07 November 2007

Eschatology Quiz Results

Here's my quiz results ...

What's your eschatology?
created with QuizFarm.com
You scored as Moltmannian Eschatology

Jürgen Moltmann is one of the key eschatological thinkers of the 20th Century. Eschatology is not only about heaven and hell, but God's plan to make all things new. This should spur us on to political and social action in the present.

Moltmannian Eschatology










Left Behind





fausto said...

Congratulations, Steve, you're a Christian! Who knew?

I took that a few days ago and scored 95% preterest, 90% Moltmann, and 70- or 80-something amillennial. (Preterists figure that the "end times" prophecies and expectations of the Bible were peculiar to the first and second centuries CE, and that if (big if) they were fulfilled at all, it happened a long time ago when the Christian persecutions ended. Amillennials figure the "new millennium" mentioned in the Bible is not something to be taken literally. For either one, if the coming of the "Kingdom of God" has any present meaning, it's more likely to mean something along the lines of what Moltmann describes than the fundamentalists' Rapture.)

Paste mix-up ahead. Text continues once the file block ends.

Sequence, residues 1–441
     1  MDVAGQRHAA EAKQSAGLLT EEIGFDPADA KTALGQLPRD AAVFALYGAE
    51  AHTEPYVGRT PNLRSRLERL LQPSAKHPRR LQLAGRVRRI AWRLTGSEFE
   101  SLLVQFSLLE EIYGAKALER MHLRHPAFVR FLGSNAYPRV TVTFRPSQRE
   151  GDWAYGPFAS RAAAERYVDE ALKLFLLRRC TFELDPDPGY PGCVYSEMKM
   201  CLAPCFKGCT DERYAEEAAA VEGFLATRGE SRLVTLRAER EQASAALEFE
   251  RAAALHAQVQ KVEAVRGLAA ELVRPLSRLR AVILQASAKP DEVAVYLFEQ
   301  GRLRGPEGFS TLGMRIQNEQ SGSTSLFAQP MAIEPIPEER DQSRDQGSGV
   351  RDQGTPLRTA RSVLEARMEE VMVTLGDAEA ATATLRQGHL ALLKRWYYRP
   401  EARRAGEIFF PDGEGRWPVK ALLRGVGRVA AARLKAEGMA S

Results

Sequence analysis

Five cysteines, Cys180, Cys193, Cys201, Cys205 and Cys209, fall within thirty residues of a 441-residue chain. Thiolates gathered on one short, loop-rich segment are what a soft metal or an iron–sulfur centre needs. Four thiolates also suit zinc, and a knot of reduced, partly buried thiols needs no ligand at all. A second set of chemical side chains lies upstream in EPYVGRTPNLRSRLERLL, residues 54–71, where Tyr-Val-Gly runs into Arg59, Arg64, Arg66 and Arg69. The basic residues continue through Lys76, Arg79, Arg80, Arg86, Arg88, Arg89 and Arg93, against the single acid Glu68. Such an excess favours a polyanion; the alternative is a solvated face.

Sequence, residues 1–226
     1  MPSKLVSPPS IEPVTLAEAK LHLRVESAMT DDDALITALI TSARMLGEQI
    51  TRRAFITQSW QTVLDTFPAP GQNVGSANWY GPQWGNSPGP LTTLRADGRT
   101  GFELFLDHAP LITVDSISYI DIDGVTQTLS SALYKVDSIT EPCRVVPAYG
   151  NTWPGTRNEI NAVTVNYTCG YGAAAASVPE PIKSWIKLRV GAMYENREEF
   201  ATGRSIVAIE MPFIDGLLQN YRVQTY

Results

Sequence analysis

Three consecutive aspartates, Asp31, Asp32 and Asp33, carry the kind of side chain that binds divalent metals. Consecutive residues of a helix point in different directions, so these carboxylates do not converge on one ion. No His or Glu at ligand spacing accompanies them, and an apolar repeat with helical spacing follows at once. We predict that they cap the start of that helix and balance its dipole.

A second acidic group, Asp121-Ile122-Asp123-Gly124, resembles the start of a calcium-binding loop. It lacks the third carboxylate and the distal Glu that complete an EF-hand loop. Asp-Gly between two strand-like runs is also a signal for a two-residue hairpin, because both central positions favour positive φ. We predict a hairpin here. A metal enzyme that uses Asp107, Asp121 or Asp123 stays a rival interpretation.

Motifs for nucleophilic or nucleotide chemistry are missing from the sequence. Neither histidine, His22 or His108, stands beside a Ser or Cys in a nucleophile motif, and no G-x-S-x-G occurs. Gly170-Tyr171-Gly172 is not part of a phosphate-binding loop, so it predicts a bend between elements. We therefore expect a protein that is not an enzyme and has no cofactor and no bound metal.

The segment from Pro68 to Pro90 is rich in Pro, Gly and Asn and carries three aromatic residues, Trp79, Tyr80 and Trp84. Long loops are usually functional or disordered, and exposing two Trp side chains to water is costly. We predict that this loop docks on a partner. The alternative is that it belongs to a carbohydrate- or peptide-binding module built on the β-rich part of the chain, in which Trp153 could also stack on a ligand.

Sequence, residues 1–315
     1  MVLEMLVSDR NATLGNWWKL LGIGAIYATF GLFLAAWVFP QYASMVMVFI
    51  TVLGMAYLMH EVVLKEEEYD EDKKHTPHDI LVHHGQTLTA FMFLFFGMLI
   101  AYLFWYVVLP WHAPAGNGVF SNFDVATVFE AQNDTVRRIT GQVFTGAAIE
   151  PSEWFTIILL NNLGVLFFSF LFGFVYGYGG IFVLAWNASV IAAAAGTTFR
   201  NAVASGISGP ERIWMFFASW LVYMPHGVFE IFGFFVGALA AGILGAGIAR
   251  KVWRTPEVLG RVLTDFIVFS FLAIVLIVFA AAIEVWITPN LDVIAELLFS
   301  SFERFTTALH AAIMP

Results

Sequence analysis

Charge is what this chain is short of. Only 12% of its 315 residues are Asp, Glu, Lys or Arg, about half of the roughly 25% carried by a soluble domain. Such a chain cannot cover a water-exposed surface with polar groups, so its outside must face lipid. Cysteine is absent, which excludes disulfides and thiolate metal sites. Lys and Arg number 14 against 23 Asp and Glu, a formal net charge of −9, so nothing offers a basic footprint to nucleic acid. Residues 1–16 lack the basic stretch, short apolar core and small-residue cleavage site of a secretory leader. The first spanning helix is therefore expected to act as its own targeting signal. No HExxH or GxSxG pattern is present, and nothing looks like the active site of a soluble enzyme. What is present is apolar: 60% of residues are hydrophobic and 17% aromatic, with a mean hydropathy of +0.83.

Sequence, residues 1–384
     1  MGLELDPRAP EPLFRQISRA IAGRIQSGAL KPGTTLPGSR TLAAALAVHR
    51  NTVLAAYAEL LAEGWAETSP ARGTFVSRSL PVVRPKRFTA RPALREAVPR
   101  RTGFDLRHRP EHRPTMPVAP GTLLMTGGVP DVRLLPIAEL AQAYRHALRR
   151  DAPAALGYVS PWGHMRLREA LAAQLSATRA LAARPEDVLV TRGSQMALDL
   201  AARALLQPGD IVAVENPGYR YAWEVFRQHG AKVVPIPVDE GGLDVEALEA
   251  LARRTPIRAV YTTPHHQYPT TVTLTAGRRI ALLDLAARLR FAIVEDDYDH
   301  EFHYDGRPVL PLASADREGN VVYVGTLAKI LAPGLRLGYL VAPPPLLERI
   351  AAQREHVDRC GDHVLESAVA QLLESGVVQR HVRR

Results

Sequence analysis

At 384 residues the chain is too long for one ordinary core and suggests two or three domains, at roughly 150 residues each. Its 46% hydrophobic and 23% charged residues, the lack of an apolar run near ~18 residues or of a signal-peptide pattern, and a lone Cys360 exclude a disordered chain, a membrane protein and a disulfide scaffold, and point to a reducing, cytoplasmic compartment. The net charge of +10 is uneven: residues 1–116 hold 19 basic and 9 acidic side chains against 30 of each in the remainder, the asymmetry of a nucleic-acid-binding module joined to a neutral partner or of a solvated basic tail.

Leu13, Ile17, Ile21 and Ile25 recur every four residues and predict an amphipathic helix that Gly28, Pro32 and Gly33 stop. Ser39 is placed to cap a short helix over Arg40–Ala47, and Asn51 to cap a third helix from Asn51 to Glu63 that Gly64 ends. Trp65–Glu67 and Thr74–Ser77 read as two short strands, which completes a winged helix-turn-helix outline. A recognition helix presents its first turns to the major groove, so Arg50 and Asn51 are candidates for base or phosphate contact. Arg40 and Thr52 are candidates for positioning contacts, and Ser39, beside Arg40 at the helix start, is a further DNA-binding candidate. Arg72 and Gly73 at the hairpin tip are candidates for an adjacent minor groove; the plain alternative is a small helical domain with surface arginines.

Steve Caldwell said...


Actually I don't identify as a Christian -- I'm an Agnostic Humanist who is also a Unitarian Universalist.

For me, our eschatology and soteriology come through human agency and not through the divine.

The eschatology quiz assumes that one lives in a Christian-centric theological framework.

Another Christian theology quiz is the Beliefnet "What kind of Christian are you?" quiz. You can find it online here:


Maybe I'll retake this quiz and see if my results have changed from the previous results (I was in the "Spong" category which surprised me since I didn't believe in God).

fausto said...

Actually I don't identify as a Christian -- I'm an Agnostic Humanist who is also a Unitarian Universalist.

I know. As I've mentioned before, I have similar reservations about Christianity. It's why I'm UU and not, say, UCC or Episcopalian.

However, our more devout Universalist co-denominationalists would probably tell us that it's all good; Jesus knows our names, even if we don't know his. After all, if we've got Moltmann right, how far wrong can we really be?